Later in the column, Granés mentions Colombian film director Sergio Cabrera (whose life has been recreated by writer Juan Gabriel Vásquez in the novel Volver la vista atrás) and New York-based French author and financier Laurence Debray to say that both made “their own great revolution:” distancing themselves ideologically from their parents —breaking with concrete people, according to the author, who fought against abstractions such as “the bourgeoisie, imperialism and the capitalist system.” Granés writes: “Impossible not to think of Laurence Debray, the daughter of Régis Debray, Che’s companion in his Bolivian adventure, who did the same. She renounced her father’s causes to become his antithesis, an admirer of a king and a New York financier. There, in that gesture there is rebellion, because the father is the one who can return the worst slap, and not necessarily with his hand. It takes more courage to say ‘no’ to him than to confront an army, let alone defy imperialism or the bourgeoisie: there’s nothing easier than that.” And he adds: “In the challenge to the father stands out the crucial element of all rebellion: the rupture. The revolutionary is a person who has found a good reason to betray his environment, and that good reason is usually freedom. In some cases, individual freedom, in others, collective freedom. The fact is that freedom always means betraying convention, tradition, the status quo or the prevailing moral script. And all of this can be imposed by the family, the institution, the churches, the cliques, the government. Laurence Debray and Sergio Cabrera sent the Third World insurrection to hell, despite the fact that their parents embodied their myths and values. Becoming a bourgeois can sometimes be the most transcendent rebellion.”

I have long believed in the need —let’s also say urgency— to rethink the idea of “killing the father.” A father does not always represent power. A father is not always a patriarch. A father is not always a master or an oppressor. One kills the master —one breaks with the master—, one kills the oppressor, one kills the patriarch, but one does not kill the father for being a father. The father-son relationship is not always equivalent to the master-slave relationship. Sadly —and here I am not talking about the relationships mentioned by Granés since I do not know the details and the ins and outs of them—, I have very often seen children who present as an intellectual, depersonalized matter something that is clearly an affective tangle. And to go to a specific case and stop talking about this from an abstract point of view, I want to say that, on a personal level, I had many disagreements with my father (about the way I lived my life on a daily basis, for example), but I always admired —I still admire— the ideas and sensibilities that, with his truncated schooling, he had with respect to the radical inequality of our countries: a condemnatory look at the authoritarianisms he knew how to pass on to me without being authoritarian himself. It is a look that I treasure and that has never ceased to move me. It is up to me to solve the emotional tangles with him. And it is up to me that the attempt to sort out those tangles does not become a frivolous transgression: it would be terrible, shameful, unacceptable, that by wanting to “rebel” against him, I end up denying or, even worse, embracing and validating a system —yes, a concrete system that impoverished his life and impoverishes mine, ours: neoliberalism, the heteropatriarchy— just for disagreeing with him. That would be a false freedom.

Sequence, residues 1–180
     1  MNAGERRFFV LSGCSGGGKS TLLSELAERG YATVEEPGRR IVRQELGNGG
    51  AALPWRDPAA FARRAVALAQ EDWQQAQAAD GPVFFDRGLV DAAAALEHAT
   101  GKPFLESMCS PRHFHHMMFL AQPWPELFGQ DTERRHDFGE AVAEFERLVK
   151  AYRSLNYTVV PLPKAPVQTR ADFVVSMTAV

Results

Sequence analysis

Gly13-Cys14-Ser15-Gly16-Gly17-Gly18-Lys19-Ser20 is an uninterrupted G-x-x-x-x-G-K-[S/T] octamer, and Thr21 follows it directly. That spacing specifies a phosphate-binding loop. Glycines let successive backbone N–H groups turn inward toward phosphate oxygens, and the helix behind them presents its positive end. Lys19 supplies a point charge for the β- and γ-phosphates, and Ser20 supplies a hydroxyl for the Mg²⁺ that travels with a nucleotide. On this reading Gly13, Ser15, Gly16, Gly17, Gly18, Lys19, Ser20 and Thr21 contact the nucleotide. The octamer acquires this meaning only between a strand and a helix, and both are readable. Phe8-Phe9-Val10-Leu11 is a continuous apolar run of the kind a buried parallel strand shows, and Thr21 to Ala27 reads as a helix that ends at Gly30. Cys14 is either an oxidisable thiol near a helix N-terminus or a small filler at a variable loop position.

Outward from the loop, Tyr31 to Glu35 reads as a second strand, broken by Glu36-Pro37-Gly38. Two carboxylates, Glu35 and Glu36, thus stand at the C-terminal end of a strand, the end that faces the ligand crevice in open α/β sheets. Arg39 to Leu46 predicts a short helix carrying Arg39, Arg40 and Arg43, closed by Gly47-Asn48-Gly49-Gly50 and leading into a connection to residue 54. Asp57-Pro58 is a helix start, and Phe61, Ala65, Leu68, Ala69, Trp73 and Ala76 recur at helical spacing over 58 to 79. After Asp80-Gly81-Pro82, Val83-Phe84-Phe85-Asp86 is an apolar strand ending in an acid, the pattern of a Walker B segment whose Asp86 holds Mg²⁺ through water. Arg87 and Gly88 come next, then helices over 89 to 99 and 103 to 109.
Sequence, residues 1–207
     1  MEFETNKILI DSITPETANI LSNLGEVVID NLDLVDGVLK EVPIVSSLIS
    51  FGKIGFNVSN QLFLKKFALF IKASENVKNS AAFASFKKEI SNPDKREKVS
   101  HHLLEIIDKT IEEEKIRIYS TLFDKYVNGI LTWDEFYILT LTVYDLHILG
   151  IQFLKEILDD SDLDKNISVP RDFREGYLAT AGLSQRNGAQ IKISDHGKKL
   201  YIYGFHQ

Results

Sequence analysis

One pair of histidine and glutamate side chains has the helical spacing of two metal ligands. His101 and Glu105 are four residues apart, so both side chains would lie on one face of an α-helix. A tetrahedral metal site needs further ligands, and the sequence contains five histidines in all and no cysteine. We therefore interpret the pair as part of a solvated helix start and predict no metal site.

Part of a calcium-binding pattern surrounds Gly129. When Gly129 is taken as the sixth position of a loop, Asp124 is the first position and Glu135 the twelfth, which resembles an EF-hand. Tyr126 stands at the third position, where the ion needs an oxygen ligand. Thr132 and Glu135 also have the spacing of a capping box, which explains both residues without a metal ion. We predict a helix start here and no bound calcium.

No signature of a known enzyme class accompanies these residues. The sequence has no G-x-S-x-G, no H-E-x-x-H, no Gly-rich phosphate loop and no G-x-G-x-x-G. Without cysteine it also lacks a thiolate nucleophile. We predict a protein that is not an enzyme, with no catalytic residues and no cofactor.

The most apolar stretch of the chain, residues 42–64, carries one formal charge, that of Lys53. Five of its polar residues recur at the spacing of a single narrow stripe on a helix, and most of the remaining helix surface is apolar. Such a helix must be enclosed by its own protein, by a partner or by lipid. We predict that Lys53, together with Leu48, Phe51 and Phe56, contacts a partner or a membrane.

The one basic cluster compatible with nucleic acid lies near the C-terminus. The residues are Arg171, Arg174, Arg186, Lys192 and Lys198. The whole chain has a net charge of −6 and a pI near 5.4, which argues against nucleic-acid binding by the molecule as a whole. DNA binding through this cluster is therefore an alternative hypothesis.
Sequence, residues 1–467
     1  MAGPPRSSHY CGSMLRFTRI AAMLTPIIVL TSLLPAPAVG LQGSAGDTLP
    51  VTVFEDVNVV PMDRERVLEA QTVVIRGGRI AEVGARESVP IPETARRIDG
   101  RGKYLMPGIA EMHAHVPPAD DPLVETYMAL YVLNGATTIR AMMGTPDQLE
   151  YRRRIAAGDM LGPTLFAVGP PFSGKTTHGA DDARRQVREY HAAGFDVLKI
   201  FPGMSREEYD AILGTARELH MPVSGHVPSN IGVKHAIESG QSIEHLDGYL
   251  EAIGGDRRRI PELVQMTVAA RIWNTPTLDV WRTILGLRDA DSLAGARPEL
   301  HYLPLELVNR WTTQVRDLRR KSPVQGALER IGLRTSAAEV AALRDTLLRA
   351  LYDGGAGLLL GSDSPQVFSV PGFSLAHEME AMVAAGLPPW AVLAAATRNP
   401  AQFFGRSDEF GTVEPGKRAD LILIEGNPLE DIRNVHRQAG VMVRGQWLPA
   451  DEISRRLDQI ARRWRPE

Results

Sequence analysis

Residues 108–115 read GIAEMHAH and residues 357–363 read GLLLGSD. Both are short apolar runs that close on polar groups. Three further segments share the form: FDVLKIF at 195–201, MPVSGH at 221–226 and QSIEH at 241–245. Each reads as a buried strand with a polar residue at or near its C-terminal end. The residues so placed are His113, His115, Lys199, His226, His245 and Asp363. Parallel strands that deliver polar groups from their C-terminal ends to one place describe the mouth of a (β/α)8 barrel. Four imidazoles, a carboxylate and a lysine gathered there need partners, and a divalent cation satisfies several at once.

Giuseppe Caputo (Barranquilla, 1982). Writer. In 2017, he was named as one of the Bogota39. He has written the novels Un mundo huérfanoEstrella Madre and Se va un hombre, and the poetry collections Jardín de carne and El hombre jaula y Los nacimientos de Jesús. He is a regular contributor to the newspaper El Tiempo and has worked for the Bogotá International Book Fair.